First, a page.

-bash-3.00# ./snmpget -c public -v 2c isv-7110h sunAkShareMountpoint.1
SUN-AK-MIB::sunAkShareMountpoint.1 = STRING: /export/deleteme

It is also possible to get a list of problems on the system identified by problem code:

-bash-3.00# ./snmpwalk -c public -v 2c isv-7110h sunFmProblemUUID
SUN-FM-MIB::sunFmProblemUUID."91e97860-f1d1-40ef-8668-dc8fb85679bb" = STRING: "91e97860-f1d1-40ef-8668-dc8fb85679bb"

And then turn around and retrieve the associated knowledge article identifier:

-bash-3.00# ./snmpget -c public -v 2c isv-7110h sunFmProblemCode.\\"91e97860-f1d1-40ef-8668-dc8fb85679bb\\"
SUN-FM-MIB::sunFmProblemCode."91e97860-f1d1-40ef-8668-dc8fb85679bb" = STRING: AK-8000-86

The FM-MIB does not contain information on severity, but using the problem code I can SSH into the system and retrieve that information:

isv-7110h:> maintenance logs select fltlog select uuid="91e97860-f1d1-40ef-8668-dc8fb85679bb"
isv-7110h:maintenance logs fltlog entry-005> ls
timestamp = 2009-12-15 05:55:37
uuid = 91e97860-f1d1-40ef-8668-dc8fb85679bb
desc = The service processor needs to be reset to ensure proper functioning.
type = Major Defect

isv-7110h:maintenance logs fltlog entry-005>

Take time to inspect the MIBs through your MIB Browser to understand all of the information available. I tend to shy away from using SNMP for getting system information and instead write scripts and workflows as much more information is available directly on the system, I'll cover this in a later article.

Receive the Traps

Trap receiving on Solaris is a piece of cake, at least for demonstration purposes. What you choose to do with the traps is a whole different process. Each tool has it's own trap monitoring facilities that will hand you the fields in different ways. For this example, Solaris just dumps the traps to the console.

Locate the "snmptrapd" binary on your Solaris system and start monitoring:

-bash-3.00# cd /usr/sfw/sbin
-bash-3.00# ./snmptrapd -P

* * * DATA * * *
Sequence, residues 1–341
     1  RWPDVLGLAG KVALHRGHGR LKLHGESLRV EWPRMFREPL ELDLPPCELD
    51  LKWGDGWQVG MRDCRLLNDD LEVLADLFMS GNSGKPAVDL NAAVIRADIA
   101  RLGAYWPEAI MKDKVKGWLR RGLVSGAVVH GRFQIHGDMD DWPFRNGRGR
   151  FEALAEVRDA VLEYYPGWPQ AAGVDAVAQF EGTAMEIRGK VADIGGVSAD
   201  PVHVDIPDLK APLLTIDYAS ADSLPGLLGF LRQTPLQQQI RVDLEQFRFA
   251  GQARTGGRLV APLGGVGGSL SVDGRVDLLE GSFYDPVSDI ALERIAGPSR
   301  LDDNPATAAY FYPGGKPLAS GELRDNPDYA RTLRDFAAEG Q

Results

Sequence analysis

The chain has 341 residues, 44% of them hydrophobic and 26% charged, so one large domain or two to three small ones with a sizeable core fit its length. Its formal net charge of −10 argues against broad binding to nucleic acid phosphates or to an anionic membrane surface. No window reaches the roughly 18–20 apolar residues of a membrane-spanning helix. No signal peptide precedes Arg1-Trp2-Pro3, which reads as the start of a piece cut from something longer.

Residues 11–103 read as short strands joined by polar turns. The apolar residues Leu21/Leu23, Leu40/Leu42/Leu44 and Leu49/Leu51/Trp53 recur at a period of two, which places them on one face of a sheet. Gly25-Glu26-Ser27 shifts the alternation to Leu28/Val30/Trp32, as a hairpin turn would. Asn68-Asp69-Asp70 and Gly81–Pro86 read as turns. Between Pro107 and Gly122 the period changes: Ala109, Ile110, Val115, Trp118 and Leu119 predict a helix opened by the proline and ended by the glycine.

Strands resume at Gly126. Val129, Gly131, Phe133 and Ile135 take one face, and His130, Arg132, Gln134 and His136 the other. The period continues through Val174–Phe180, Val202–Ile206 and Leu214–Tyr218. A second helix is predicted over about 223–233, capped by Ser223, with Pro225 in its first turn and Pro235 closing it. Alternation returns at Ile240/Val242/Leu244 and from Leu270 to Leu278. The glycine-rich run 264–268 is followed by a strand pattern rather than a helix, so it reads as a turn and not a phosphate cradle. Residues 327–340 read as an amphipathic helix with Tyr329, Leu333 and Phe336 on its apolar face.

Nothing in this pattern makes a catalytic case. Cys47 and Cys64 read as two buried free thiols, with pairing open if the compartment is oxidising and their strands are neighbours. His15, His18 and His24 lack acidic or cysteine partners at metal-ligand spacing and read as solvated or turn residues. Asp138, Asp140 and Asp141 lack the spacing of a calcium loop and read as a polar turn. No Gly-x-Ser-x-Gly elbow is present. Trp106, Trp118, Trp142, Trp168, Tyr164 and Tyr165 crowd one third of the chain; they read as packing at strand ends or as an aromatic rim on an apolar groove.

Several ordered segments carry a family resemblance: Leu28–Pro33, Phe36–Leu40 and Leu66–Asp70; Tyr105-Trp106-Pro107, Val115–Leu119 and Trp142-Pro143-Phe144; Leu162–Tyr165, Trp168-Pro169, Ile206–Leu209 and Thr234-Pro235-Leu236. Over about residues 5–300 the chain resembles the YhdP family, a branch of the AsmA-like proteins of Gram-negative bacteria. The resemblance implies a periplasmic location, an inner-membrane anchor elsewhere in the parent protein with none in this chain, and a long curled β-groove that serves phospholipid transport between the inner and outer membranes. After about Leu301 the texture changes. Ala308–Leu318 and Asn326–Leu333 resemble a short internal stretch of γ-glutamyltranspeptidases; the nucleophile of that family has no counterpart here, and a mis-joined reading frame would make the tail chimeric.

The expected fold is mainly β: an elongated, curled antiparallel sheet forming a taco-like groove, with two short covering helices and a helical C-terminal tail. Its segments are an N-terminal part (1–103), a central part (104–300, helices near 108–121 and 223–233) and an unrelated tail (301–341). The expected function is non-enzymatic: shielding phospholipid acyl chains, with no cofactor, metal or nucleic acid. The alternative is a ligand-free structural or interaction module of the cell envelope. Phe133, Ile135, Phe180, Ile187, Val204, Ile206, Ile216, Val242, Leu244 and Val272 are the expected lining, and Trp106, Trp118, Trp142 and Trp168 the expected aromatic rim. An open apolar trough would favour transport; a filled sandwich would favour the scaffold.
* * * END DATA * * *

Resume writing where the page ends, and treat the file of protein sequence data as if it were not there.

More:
2009-12-16 09:27:47 NET-SNMP version 5.0.9 Started.

From there you can wait for something bad to go wrong with your system or you can provoke it yourself. Fault Management can be a bit difficult to provoke intentionally since things one thinks would provoke a fault are actually administrator activites. Pulling a disk drive is very different from a SMART drive error on a disk drive. Similarly, pulling a Power Supply is different from tripping over a power cord and yanking it out. The former is not a fault since it is a complex operation requiring an administrator to unseat the power supply (or disk) whereas the latter occurs out in the wild all the time.

Here are some examples of FM traps I've received through this technique using various "malicious" techniques on a lab system ;-)

Here is an FM Trap when I "accidentally" tripped over a power cord in the lab. Be careful when you do this so you don't pull the system off the shelf if it is not racked properly (note that I formatted this a little bit from the raw output):

2009-11-16 12:25:34 isv-7110h []:
DISMAN-EVENT-MIB::sysUpTimeInstance = Timeticks: (1285895753) 148 days, 19:55:57.53
SNMPv2-MIB::snmpTrapOID.0 = OID: SUN-FM-MIB::sunFmProblemTrap
SUN-FM-MIB::sunFmProblemUUID."2c7ff987-6248-6f40-8dbc-f77f22ce3752" = STRING: "2c7ff987-6248-6f40-8dbc-f77f22ce3752"
SUN-FM-MIB::sunFmProblemCode."2c7ff987-6248-6f40-8dbc-f77f22ce3752" = STRING: SENSOR-8000-3T
SUN-FM-MIB::sunFmProblemURL."2c7ff987-6248-6f40-8dbc-f77f22ce3752" = STRING:

Notice again that I have a SunFmProblemUUID that I can turn around and shell into the system to obtain more details (similarly to what was shown in the last section). Again, the next article will contain an explanation of Alerts. Using the AK MIB and Alerts, we can get many more details pushed out to us via an SNMP Trap, and we have finer granularity as to the alerts that get pushed.

Here, I purchased a very expensive fan stopper-upper device from a fellow tester. It was quite pricey, it turns out it is also known as a "Twist Tie". Do NOT do this at home, seriously, the decreased air flow through the system can cause hiccups in your system.

DISMAN-EVENT-MIB::sysUpTimeInstance = Timeticks: (1285889746) 148 days, 19:54:57.46
SNMPv2-MIB::snmpTrapOID.0 = OID: SUN-FM-MIB::sunFmProblemTrap
SUN-FM-MIB::sunFmProblemUUID."cf480476-51b7-c53a-bd07-c4df59030284" = STRING: "cf480476-51b7-c53a-bd07-c4df59030284"
SUN-FM-MIB::sunFmProblemCode."cf480476-51b7-c53a-bd07-c4df59030284" = STRING: SENSOR-8000-26
SUN-FM-MIB::sunFmProblemURL."cf480476-51b7-c53a-bd07-c4df59030284" = STRING:

You will receive many, many other traps throughout the day including the Enterprise MIB letting us know when the system starts up or any other activities.

Wrap it Up

In this article, I illustrated enabling the SNMP Service on the Sun Storage 7000 Appliance via an SSH session. I also showed some basic MIB walking and traps that you'll receive once SNMP is enabled.

This is really simply the "start" of the information we can push through the SNMP pipe from a system. In the next article I'll show how to use Alerts on the system with the SNMP pipe so you can have more control over the events on a system that you wish to be notified about.


This is fantastic stuff. Thanks for such an indepth discussion.

Posted by Rohan Ranade on December 18, 2009 at 09:23 AM MST #